The removal of fuel from Unit 3’s storage fuel pool began in April 2019 after several years of work to remove debris from the reactor building service floor.

The work required the removal of huge pieces of damaged equipment that fell into the pool during the explosions that hit the nuclear site in Fukushima, in the days after a March 2011 earthquake and tsunami knocked out power and emergency cooling.

Date: Wednesday, 03 March 2021
Original article: nucnet.org/news/tepco-completes-removal-of-unit-3-fuel-assemblies-3-2-2021

The process of removing all 566 fuel assemblies from the storage pool of unit 3 at the damaged Fukushima Daiichi nuclear power plant in Japan was completed yesterday, Tokyo Electric Power Company (Tepco) has announced. Fuel assemblies have already been removed from the pool at unit 4, but such work has yet to start at units 1 and 2.

Date: Tuesday, 02 March 2021
Original article: world-nuclear-news.org/Articles/Fuel-removal-completed-at-Fukushima-Daiichi-3

The Fukushima-Daini nuclear power station in northern Japan. Water overflowed from spent nuclear fuel storage pools at the Fukushima-Daiichi and Fukushima-Daini nuclear power stations operated by Tokyo Electric Power Company following an earthquake that struck off the coast northeastern late on Saturday night.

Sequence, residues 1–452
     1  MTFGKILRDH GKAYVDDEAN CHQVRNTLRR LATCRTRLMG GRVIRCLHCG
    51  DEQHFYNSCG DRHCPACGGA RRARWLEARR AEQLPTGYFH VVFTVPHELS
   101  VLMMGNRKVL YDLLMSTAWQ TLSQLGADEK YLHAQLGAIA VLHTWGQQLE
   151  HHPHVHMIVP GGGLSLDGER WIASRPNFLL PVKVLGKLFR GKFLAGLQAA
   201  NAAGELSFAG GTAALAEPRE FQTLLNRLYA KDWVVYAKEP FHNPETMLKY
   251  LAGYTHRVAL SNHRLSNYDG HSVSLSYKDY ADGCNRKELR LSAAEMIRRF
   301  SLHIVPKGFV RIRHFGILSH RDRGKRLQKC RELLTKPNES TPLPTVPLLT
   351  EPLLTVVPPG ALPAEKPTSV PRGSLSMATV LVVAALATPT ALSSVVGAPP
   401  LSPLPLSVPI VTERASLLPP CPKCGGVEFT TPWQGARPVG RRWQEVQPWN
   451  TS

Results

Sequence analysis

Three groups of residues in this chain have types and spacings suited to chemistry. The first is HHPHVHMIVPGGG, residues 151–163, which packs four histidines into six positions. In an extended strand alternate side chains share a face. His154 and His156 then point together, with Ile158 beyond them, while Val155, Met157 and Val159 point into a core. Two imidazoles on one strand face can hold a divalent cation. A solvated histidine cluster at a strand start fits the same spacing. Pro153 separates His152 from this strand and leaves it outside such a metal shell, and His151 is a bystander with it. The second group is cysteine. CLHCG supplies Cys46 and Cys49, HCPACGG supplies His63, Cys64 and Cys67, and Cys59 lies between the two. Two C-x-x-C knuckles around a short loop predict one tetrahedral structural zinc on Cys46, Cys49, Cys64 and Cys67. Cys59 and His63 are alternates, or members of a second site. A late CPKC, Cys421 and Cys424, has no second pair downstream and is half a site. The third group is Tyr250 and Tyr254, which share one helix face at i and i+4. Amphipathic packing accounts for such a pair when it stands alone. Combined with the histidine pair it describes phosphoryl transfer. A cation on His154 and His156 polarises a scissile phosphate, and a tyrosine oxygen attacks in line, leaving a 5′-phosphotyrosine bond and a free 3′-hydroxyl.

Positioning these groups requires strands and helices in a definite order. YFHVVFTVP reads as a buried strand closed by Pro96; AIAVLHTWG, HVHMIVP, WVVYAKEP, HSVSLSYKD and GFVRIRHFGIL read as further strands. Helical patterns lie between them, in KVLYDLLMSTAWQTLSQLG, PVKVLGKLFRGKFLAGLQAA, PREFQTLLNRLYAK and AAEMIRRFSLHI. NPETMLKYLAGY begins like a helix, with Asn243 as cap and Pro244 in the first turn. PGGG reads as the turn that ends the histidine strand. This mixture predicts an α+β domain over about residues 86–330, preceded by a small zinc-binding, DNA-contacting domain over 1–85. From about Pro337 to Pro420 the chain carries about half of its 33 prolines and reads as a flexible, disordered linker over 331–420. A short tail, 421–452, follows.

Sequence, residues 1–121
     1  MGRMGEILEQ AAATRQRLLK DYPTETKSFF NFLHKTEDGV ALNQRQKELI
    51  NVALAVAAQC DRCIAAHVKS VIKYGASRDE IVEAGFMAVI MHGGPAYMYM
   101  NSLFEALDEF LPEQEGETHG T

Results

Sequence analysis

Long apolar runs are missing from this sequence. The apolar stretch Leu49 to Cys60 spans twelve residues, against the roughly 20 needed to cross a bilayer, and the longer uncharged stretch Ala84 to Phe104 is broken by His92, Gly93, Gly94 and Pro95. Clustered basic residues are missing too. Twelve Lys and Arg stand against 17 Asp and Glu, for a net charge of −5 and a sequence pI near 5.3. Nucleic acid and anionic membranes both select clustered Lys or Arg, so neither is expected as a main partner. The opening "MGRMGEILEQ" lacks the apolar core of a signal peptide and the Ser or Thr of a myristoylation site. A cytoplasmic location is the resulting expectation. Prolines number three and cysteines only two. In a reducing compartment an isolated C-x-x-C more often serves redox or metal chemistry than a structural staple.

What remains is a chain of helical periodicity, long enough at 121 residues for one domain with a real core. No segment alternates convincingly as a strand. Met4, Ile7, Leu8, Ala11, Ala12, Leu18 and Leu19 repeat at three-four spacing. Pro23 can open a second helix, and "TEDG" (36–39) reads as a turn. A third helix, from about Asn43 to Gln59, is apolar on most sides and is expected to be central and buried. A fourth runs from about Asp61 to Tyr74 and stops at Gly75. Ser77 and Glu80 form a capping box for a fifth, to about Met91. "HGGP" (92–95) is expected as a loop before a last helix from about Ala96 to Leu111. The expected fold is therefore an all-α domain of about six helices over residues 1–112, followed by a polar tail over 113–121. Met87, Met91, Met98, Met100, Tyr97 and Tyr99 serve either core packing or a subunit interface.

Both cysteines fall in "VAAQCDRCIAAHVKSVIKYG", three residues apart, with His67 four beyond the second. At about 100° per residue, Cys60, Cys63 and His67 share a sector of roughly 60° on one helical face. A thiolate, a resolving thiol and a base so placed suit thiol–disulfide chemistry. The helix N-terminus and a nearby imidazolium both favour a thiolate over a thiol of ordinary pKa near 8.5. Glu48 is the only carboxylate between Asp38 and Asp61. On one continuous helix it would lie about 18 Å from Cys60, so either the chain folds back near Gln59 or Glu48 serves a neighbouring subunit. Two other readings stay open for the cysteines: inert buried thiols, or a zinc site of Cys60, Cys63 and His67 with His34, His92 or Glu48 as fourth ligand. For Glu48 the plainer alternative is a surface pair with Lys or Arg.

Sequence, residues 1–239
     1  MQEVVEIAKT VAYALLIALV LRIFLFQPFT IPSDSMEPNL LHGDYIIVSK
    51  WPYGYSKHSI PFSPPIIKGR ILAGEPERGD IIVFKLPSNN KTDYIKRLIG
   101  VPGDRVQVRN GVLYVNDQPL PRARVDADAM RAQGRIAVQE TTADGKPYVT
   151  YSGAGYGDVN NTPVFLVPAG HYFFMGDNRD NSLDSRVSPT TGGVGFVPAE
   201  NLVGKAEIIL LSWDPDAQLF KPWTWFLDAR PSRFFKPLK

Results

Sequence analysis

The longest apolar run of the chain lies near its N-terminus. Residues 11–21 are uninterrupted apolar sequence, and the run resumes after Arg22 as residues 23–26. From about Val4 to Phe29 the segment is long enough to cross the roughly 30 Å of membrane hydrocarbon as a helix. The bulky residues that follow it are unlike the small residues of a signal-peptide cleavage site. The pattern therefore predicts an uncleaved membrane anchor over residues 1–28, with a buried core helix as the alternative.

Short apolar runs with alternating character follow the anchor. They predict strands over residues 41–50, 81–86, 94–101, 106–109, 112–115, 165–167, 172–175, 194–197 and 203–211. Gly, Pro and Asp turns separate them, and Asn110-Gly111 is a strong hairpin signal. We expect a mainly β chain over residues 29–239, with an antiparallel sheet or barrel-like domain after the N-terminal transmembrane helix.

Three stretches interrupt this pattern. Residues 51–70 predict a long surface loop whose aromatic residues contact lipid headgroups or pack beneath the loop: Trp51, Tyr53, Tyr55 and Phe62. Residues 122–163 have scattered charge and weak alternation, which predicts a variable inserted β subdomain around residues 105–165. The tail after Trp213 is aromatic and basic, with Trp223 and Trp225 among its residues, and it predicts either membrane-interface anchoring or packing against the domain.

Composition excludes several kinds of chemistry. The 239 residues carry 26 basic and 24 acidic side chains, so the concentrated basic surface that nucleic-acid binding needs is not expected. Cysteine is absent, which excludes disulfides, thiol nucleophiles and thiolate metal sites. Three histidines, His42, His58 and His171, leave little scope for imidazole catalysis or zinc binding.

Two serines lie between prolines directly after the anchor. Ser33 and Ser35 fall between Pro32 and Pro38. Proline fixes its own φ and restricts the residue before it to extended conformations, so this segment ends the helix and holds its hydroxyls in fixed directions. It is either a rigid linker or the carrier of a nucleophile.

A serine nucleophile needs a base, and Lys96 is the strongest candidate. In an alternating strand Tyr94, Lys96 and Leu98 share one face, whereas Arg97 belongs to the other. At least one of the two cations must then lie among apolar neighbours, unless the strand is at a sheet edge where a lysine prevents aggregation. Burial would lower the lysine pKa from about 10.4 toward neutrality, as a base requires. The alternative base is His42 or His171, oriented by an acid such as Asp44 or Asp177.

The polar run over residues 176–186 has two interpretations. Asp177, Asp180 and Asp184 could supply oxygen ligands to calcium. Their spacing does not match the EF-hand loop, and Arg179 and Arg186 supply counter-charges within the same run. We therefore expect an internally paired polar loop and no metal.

The pools are at the Unit 5 and 6 reactor buildings at Fukushima-Daiichi, which are being decommissioned, and the Unit 1 reactor building at Fukushima-Daini, which is set to be decommissioned.

According to the Nuclear Regulation Authority, it has been confirmed that no water leaked outside the buildings and cooling of the nuclear fuel at the two Fukushima stations has not been affected.

The International Atomic Energy Agency said it had been informed by the NRA that there was no damage to the two nuclear stations, or to a third at Onagawa, which is to the north of Fukushima in Miyagi prefecture.

Date: Tuesday, 16 February 2021
Original article: nucnet.org/news/regulator-confirms-no-damage-at-nuclear-power-stations-2-1-2021